1. Ronald Coase once said “If you torture the data long enough, it will confess.” Kluwe can argue that he hadn’t declined all that much, and it’s a legitimate argument (as is the argument that he had still declined.) I think that’s where the independent analysis by Jerry Angelo and Craig Hentrich. Angelo’s claim that, “in all likelihood”, he would have released Kluwe if he’d been the GM could be especially damaging, as could Hentrich’s “C” grade that he gave Kluwe’s performance. It isn’t difficult to look at the salary of all 32 NFL punters and conclude that Kluwe’s cap number was far higher than his performance justified. NFL players are not technically “at will” employees, but the terms of the collective bargaining agreement essentially mean that they operate as such. Teams can and do cut players because they want a cheaper option, or because they are in decline, or because they feel like it. In Kluwe’s case, he was a below average punter getting above average pay. Given his years of service, even the veteran minimum salary would have been getting a little steep for what he offered.

            1. There’s also the quote about “lies, damn lies and statistics.” If decisions were all about numbers, they still wouldn’t necessarily be clear. When you add the human dimension, they become even more difficult to assess. That is why these types of cases are, at the same time, so difficult to prove and so risky for an employer. The Vikings have a strong case on the numbers. And does anyone think Kluwe’s motivations are strictly about gay rights at this point? But there are risky aspects to this for the Vikings, no doubt. It’s too bad Priefer didn’t admit the statement right away, explain its context, apologize and take sensitivity training. We’d be talking about training camp right now instead of this mess.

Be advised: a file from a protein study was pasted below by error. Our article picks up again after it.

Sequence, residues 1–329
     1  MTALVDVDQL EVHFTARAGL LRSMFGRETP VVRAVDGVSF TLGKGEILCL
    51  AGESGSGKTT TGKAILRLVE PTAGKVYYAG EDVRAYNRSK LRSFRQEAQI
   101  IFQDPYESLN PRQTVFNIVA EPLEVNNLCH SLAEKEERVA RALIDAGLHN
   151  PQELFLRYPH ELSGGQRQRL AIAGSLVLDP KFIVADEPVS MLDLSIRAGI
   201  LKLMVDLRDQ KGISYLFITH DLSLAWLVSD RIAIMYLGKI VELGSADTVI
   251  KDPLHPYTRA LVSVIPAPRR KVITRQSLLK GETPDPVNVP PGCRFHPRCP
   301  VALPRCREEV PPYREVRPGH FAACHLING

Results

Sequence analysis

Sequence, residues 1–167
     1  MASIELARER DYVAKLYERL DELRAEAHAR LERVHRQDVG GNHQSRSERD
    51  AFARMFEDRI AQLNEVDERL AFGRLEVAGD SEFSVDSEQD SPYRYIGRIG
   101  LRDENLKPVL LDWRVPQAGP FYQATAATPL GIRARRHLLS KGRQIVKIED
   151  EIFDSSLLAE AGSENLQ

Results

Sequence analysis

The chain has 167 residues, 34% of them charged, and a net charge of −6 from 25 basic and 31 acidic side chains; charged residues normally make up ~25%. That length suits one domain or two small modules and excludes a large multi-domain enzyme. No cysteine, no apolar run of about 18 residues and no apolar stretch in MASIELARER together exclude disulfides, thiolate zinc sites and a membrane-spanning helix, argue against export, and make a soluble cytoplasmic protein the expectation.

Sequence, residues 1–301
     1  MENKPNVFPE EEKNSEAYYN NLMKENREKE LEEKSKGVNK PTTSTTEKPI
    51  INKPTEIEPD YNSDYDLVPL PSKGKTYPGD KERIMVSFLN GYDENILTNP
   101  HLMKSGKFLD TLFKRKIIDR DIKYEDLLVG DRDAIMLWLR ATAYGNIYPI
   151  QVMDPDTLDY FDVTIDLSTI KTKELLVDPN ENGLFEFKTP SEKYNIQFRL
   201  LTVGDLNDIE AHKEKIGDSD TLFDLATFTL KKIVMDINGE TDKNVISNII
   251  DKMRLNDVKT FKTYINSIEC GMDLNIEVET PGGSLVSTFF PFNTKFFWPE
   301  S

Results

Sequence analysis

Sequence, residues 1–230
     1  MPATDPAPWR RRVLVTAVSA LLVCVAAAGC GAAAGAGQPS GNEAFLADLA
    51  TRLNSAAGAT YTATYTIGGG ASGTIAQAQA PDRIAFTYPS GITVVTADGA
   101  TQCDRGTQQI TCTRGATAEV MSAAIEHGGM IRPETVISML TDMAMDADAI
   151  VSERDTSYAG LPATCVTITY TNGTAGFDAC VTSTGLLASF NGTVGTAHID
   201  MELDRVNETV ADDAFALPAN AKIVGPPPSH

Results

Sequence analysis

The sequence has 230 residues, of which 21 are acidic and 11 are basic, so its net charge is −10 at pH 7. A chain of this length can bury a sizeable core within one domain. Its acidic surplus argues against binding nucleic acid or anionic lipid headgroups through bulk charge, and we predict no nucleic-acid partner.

2. They would be better off saying they believed they could get better or same punting stats from a cheaper option than saying he declined. At least it would be easier to prove that statistically than he had this great decline.